If you have ever used the OpenDJ Java SDK to connect to and OpenDJ Directory Server from your application chances are that you’ve asked yourself the following question: how the hell do I test this?
One of the cool features of JAAS (Java Authentication and Authorization Service), which is at the core of OpenAM’s authentication engine, is that it’s modular. Not only you can create your own authentication modules but you can also chain multiple modules together in a cascade fashion. This comes in handy when you want to implement some sort of strong authentication, such as 2-factor authentication flow, where you need to force the user to go through multiple authentication steps.
This is the first of a series of posts in which I plan to cover some tips and pitfalls involving the creation of custom authentication modules in OpenAM 12. One of the most common people ask me is how do I customize the error messages returned by the OpenAM’s authentication engine?. Today I will explain step-by-step how to add custom error messages to your authentication modules.
In one of my previous posts I presented a solution to automate a Tomcat cluster installation using Ansible. One of the assumptions I made at the time was that the actual machines (physical or virtual) were already running and that Ansible could access them via SSH. Well, that might be true for a real production-like environment but what if you wanted to test this out on your local machine? Wouldn’t it be cool to spin up some virtual machines first and then use Ansible to provision them with the click of a button? Vagrant to the rescue!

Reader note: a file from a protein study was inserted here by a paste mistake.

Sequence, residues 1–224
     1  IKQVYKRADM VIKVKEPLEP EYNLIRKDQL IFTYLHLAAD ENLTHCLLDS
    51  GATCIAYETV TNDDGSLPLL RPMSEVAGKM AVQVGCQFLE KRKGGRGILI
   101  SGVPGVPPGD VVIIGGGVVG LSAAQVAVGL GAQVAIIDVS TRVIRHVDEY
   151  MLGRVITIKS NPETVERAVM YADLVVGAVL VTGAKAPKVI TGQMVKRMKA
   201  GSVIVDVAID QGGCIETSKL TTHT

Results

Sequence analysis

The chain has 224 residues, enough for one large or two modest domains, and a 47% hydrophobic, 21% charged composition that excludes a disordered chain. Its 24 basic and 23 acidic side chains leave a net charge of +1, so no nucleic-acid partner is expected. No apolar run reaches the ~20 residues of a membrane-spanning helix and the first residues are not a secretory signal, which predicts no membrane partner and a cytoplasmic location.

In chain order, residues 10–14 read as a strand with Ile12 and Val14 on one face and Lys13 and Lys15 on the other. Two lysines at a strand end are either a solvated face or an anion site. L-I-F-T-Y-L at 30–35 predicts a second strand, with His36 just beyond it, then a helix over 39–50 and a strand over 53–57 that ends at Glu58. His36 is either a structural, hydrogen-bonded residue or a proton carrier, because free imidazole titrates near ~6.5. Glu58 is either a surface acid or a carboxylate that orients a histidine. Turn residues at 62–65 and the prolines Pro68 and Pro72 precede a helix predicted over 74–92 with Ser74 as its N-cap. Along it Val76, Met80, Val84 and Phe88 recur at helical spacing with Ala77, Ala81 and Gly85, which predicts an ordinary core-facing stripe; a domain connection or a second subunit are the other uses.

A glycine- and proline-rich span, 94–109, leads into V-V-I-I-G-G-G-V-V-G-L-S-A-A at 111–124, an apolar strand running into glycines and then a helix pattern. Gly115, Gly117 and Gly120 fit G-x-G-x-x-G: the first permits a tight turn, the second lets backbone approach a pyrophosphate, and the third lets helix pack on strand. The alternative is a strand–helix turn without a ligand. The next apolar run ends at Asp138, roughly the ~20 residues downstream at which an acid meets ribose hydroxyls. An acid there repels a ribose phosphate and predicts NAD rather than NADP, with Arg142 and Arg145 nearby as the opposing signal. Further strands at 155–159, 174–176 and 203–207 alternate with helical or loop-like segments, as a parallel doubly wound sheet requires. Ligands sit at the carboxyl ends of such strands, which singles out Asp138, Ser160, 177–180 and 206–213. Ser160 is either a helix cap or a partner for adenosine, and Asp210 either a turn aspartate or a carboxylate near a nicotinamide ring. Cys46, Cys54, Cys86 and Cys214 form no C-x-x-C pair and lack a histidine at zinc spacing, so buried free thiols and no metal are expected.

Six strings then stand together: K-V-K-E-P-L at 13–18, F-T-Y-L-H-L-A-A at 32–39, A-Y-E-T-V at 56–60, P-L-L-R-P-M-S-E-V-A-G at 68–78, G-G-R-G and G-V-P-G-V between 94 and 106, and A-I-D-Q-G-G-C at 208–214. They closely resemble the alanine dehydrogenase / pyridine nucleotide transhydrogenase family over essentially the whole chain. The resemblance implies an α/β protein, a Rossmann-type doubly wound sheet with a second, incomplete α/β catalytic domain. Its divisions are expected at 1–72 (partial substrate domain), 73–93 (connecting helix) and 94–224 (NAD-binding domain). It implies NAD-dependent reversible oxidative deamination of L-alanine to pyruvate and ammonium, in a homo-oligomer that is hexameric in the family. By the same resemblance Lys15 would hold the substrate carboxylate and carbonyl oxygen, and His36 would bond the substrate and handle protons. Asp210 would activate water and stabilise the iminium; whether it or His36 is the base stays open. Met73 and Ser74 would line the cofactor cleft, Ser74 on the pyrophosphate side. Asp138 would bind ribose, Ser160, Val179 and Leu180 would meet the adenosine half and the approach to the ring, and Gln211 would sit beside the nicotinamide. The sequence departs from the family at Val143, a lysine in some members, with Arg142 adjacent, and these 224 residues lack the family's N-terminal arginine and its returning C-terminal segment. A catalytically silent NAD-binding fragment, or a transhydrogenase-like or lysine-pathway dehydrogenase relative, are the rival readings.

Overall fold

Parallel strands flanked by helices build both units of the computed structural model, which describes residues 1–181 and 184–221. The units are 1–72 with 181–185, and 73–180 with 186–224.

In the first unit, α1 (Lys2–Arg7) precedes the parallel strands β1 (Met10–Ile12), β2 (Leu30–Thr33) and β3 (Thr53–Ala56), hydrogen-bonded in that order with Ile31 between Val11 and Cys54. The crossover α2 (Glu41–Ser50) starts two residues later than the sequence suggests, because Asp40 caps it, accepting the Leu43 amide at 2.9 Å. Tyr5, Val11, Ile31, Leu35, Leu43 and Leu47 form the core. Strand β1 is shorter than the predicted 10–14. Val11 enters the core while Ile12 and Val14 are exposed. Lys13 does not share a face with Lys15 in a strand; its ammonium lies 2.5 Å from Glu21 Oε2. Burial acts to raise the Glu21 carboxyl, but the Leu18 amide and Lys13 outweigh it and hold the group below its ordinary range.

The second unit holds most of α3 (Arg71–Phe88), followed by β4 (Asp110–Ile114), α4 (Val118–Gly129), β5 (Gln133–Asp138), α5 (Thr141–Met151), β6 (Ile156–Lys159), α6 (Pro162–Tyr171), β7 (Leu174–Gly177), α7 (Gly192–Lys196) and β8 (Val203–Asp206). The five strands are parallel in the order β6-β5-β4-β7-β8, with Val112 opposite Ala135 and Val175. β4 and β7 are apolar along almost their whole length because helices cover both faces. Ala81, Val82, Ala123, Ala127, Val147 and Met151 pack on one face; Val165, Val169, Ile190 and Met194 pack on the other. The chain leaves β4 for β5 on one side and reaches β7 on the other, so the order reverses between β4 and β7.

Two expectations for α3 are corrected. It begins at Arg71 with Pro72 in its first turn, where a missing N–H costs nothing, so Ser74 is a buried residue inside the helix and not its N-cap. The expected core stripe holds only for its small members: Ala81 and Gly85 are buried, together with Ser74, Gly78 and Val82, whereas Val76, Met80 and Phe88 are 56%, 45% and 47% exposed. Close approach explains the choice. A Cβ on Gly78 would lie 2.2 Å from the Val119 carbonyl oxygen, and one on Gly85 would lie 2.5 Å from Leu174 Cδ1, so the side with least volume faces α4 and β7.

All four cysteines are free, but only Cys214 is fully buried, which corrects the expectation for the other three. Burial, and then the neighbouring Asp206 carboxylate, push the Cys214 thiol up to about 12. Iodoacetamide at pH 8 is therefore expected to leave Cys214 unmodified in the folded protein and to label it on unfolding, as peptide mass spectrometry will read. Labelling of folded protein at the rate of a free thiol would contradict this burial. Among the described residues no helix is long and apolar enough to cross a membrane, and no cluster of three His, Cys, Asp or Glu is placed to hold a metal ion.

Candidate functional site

One of my clients had to use Groovy scripts to synchronize thousands of user identities between multiple data sources. When I started working on the project the development process looked similar to this:
It's obvious that this process was far from being efficient. It was very time consuming and, most importantly, errors were caught too late in the development cycle making them very expensive to fix.
Over the years, I've learned to ask myself the following question over and over again: what can I do to make this process more efficient? The answer in this case was simple:
Test earlier. Test better.
For the last couple of weeks I've been playing with Ansible, a very powerful automation tool that lets you configure, and deploy applications to multiple remote servers with a single command.